When Corrie Conrad got a call from Sephora last year asking if she’d be interested in a job with the makeup retailer, she was initially unenthused. She’d been working at Google for eight years and wasn’t really looking to leave. But her interest was piqued when Sephora mentioned its plans to focus on social impact. “I’ve been passionate about that for the last decade,” Conrad says. Prior to Google, she worked with the Clinton Foundation, lived and worked in Rwanda, and received her masters in international development from Princeton. “I realized I shared a vision with the executive leadership here, and that vision was helping Sephora use our strengths for even greater good in our communities.”
Now Conrad is rounding out her first year as Sephora’s head of social impact with the announcement of her first big initiative, Sephora Stands, a set of programs aimed at supporting and inspiring young women both within the company and outside of it. “There hadn’t been a strategic approach to thinking, Okay, well, what are we good at, and where could that be used for even greater good?” Conrad explains. She was brought in to do just that.
Sephora Stands comprises three programs: Sephora Stands Together, an effort to provide financial support to Sephora employees in times of need like natural disasters or life-changing events. Classes For Confidence offers special beauty workshops for women trying to reenter the workforce. Finally, there’s Sephora Accelerate, the company’s own version of a startup incubator. The one-year program offers a bootcamp and mentorship to female founders of beauty companies and gives them an opportunity to pitch their idea in front of industry leaders and Sephora executives.
A press release notes that 85% of venture capital funded startups are led exclusively by men, and female entrepreneurs are frequently overlooked for business opportunities. “Even in our industry, in beauty, where a majority of consumers are women, the female-founded beauty companies are still underrepresented,” Conrad says. The goal of the Accelerate program is to “build a community of innovative female founders in all areas of the beauty industry.”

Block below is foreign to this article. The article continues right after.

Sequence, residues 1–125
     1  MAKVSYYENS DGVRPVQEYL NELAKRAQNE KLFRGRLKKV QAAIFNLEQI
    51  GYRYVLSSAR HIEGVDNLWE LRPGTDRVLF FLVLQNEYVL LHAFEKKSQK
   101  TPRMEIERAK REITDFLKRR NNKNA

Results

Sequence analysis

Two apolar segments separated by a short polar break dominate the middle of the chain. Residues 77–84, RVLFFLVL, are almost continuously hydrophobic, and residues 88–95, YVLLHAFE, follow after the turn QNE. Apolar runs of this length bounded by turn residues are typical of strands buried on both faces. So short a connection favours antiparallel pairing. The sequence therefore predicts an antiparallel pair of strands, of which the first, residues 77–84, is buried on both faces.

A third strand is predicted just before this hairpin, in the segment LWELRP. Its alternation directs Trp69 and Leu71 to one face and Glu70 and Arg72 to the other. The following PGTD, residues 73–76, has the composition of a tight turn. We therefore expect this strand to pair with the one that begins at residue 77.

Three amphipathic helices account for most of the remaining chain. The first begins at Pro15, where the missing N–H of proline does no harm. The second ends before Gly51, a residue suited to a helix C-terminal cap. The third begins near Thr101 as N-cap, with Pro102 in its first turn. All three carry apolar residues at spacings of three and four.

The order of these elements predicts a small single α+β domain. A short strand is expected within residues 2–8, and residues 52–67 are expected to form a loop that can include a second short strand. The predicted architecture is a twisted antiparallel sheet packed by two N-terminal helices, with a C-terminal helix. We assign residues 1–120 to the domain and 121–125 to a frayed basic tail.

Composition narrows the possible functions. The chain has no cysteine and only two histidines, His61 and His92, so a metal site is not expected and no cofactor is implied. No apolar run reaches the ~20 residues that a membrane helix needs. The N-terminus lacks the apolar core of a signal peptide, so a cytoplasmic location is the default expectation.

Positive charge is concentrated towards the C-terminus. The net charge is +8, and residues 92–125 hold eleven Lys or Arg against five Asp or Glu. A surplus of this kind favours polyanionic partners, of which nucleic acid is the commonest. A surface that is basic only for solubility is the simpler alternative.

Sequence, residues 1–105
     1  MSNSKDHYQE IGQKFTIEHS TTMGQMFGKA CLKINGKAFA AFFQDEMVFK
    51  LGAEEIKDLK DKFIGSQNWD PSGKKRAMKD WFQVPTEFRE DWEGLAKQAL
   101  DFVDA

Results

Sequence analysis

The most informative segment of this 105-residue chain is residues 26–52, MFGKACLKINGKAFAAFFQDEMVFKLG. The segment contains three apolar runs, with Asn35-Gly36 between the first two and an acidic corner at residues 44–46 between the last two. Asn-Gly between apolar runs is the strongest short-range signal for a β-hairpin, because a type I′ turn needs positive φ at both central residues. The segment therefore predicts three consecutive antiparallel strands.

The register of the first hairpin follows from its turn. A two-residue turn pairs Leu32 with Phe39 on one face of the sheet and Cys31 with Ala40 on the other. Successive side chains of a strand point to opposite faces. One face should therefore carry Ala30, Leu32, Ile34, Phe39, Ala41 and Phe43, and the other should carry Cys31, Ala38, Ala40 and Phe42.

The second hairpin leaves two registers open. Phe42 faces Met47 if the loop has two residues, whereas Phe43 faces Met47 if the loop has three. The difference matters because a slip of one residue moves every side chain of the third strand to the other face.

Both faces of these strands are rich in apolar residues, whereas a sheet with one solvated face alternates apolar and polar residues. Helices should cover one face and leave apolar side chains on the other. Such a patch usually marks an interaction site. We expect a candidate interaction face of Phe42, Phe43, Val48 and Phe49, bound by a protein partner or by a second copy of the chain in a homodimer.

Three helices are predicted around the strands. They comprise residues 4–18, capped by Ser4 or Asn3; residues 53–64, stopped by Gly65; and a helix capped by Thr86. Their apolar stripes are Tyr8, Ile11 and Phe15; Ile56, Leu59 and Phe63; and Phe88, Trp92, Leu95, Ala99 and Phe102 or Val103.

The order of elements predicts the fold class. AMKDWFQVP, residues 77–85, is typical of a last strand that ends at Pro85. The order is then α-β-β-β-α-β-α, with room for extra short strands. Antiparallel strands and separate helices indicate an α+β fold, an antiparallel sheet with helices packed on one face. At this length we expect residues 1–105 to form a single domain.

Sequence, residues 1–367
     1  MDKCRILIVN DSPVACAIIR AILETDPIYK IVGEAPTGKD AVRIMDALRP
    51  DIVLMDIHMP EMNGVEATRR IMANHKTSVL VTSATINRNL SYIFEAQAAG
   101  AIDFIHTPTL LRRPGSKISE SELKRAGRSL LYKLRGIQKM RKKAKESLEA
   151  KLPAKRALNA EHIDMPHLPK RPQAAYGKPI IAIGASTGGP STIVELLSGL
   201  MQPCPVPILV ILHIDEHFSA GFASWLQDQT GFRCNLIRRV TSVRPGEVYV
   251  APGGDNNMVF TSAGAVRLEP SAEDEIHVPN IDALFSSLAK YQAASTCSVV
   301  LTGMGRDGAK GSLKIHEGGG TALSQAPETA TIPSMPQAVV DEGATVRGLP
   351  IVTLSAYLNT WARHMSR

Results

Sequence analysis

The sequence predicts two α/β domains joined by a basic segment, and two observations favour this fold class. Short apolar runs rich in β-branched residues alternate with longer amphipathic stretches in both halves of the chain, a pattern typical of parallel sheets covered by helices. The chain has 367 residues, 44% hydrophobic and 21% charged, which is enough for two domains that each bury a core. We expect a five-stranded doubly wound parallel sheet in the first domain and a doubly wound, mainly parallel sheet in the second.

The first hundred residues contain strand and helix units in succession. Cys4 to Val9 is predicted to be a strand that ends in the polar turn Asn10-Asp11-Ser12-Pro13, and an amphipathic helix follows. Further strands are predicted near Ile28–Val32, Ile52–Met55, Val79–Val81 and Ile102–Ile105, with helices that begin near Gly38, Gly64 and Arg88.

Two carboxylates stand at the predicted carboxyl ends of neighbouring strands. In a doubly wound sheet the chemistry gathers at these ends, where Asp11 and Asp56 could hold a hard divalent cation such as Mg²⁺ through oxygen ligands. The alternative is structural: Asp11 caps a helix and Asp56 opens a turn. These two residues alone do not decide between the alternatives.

So how do you get into Sephora’s Accelerate program? First of all, you have to be invited. The company is looking for early-stage startups offering a cosmetic product or technology that could help the beauty industry. Startups must have an idea and a sample product, but can’t have received additional funding or widespread adaptation. Also, social impact must be built into the company’s DNA through sustainable sourcing, for example, or sending a portion of proceeds to a worthy cause.
Where most accelerators offer their participants a hefty round of seed money, Sephora instead will give each founder (only one per company—if a startup has two founders, it has to choose between them) a $2,500 grant, which Conrad says is actually just a way of helping participants pay to attend the mandatory bootcamp in San Francisco in April and demo day in August. All expenses are paid for both trips, but since the program is open to applicants from Canada, Mexico, and Brazil, in addition to the U.S., it could be a long journey for some. “We didn’t want cost to be a barrier,” Conrad says. “The $2,500 is a way of saying we’re really glad you’re here, and we know that there’s a cost associated with taking a week of your time to participate.”
It’s not entirely clear what exactly will go on at the bootcamp, but Conrad says there will be workshops on things like business models and marketing. Each entrepreneur will have access to a mentor from Sephora and design firm IDEO throughout the yearlong program. On demo day, they will pitch their product to the Sephora merchandising team and other, to-be-determined industry experts.
Sephora and Conrad are hesitant to position Accelerate as a competition. There is no official grand prize, but the most obvious goal for these entrepreneurs, whether stated or not, is likely a coveted spot on the shelves of Sephora’s more than 360 North American stores. Such an endorsement could bring invaluable exposure and cement a product’s place in shoppers’ makeup bags. “Should our merchandising or innovation team decide to move forward with one of the founders in our cohort, then potentially, a small loan or some startup capital could be provided,” says Conrad. But there is no guarantee that will happen for any of the startups in the accelerator.
“Funding is probably not our biggest play here, actually,” Conrad says. She sees Accelerate as a network-building opportunity. “The network we provide, the feedback we provide, that’s a really valuable thing that I think is of interest to those that are applying.”
The first Accelerate cohort has already been invited and will be announced in March. In a way, they’ll serve as guinea pigs for the cohorts to come, since Sephora plans to run one program a year through 2020 with the goal of working with at least 50 female entrepreneurs. “One of the key metrics for me will be, How did this help? Did it help at all? How could it be better going forward?” Conrad says. “We are committed to Sephora Accelerate for the long term, and what it looks like next year may be different from this year.”